We doing this?

Focus, important,efficiency,productive,


More insight here: 99U.


Productivity vs. The Amount of Work

ilovecharts, charts, level of confidence, efficiency


I think he’s on to something here…


Source: querosabermais via ilovecharts

Still, in the Hunt for the Holy Grail…

PrintI’m productive. Efficient. I’ve been told by many – obsessively productive and efficient.  I chew up tasks and spit them out.  Yet, one can always be more productive, right?  I’ve been in a life long search for the Holy Grail of a Zero Email Box solution at the end of each day.  A search for the best To-Do program.  A hunt for a better way to manage projects. A race to squeeze more into each day.  I believe being more productive is possible. Within reach.  Just within the ends of my fingertips.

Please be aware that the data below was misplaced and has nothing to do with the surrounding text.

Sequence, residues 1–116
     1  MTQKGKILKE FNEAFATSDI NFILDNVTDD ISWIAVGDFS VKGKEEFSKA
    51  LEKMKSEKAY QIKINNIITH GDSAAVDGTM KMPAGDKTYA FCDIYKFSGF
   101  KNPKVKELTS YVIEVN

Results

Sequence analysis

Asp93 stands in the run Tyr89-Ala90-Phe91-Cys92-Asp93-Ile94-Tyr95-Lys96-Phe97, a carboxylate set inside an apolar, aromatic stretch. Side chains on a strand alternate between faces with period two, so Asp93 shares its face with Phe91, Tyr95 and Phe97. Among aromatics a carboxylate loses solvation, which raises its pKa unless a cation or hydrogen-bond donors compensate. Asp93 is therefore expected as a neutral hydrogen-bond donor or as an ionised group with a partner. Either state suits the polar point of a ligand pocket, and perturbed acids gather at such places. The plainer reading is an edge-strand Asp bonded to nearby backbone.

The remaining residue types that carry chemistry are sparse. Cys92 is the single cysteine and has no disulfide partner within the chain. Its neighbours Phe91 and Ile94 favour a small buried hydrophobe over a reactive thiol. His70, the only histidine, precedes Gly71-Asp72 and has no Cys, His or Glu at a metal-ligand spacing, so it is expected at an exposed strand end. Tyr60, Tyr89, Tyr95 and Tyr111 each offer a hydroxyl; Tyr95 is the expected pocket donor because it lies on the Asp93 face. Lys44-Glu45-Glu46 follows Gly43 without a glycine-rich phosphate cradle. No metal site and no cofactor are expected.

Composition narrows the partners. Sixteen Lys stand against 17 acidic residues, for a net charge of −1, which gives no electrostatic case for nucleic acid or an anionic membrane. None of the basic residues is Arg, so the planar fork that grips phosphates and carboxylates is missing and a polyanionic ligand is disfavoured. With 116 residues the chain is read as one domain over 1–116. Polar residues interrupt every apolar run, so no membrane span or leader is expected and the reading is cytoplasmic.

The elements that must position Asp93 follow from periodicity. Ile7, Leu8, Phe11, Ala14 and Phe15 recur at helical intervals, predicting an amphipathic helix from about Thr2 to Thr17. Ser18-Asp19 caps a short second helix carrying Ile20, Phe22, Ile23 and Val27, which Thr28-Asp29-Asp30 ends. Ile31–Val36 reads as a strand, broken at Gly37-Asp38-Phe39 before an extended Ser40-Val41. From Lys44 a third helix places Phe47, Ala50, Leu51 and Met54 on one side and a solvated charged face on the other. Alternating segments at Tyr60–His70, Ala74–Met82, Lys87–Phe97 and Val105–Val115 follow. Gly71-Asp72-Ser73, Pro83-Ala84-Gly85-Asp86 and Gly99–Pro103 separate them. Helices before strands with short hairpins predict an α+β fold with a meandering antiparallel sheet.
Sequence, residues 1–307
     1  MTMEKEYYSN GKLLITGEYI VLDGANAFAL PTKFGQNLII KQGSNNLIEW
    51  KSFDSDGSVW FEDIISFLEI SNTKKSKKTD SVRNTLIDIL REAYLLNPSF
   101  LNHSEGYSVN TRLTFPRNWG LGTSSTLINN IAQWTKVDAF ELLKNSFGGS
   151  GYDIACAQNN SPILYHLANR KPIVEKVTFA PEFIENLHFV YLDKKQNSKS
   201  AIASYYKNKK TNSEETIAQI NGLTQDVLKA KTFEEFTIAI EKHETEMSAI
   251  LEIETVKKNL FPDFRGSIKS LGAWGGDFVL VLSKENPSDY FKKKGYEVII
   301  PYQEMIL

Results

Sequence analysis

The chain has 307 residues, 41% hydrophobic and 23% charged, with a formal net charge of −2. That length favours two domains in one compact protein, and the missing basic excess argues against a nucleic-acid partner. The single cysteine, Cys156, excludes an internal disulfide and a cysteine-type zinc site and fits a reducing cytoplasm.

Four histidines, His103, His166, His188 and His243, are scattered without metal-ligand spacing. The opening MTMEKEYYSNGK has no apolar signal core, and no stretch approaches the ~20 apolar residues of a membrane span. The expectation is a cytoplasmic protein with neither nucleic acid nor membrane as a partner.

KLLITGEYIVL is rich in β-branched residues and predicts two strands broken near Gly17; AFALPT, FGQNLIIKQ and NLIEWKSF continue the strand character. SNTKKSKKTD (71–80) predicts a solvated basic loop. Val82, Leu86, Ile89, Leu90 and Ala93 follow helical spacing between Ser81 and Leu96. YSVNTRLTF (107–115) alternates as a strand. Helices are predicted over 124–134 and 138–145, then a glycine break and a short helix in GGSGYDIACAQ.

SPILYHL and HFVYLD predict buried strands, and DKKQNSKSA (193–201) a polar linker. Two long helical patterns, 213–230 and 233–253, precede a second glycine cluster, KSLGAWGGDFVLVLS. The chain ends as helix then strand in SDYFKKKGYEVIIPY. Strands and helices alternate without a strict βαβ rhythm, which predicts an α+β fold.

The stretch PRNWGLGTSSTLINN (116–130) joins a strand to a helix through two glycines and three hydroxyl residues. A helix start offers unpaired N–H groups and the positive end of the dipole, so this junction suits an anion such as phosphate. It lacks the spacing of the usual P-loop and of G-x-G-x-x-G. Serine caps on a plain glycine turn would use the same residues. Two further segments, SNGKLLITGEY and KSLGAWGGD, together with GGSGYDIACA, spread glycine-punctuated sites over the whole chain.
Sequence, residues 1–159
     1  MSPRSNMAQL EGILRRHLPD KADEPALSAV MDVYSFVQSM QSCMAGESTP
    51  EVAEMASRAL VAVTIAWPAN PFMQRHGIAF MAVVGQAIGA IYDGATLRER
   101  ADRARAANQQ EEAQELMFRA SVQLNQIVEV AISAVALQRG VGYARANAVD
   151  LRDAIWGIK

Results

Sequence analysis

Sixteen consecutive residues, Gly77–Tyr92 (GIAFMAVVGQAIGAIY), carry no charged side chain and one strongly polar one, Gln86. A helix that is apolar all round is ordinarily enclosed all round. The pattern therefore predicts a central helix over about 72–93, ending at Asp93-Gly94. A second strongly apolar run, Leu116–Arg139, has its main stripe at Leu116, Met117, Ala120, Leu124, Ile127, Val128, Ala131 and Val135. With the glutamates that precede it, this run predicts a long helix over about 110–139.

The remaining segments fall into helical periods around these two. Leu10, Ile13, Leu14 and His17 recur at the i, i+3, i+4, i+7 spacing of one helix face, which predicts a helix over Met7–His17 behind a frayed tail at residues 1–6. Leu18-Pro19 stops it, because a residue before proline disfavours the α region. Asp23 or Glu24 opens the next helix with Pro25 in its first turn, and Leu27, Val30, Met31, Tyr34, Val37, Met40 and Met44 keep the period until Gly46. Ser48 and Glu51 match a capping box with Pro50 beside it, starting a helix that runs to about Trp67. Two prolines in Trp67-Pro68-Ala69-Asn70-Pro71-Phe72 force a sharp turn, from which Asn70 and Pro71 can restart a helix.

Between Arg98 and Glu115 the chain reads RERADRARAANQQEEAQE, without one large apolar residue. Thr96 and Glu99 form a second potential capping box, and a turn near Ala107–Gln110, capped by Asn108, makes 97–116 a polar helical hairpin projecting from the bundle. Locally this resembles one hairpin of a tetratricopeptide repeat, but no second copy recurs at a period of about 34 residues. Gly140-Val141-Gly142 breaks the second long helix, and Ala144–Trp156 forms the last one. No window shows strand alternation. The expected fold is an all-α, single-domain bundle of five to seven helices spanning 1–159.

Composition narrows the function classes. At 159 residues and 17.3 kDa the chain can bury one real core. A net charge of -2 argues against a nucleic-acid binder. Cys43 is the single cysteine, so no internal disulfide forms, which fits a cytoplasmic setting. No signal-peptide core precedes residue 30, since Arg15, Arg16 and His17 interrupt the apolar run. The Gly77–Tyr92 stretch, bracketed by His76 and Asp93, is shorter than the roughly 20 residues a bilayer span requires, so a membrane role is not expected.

So, when I came across Robin Sharma’s post titled “Become The Most Productive Person You Know”, I was like Zeke on his bone – on it.   When Sharma opened his post by stating: “I want to help you create explosive productivity so you get big things done (and make your life matter)…”, I was giddy.  I was delirious with anticipation. Imagine that – I WILL ACHIEVE “EXPLOSIVE” PRODUCTIVITY.

I’ve graded myself from “A” to “F” on each of his 21 Productivity tips and self-categorized my competency into three buckets: “Utter Failure”, “Journeyman” and “Master.”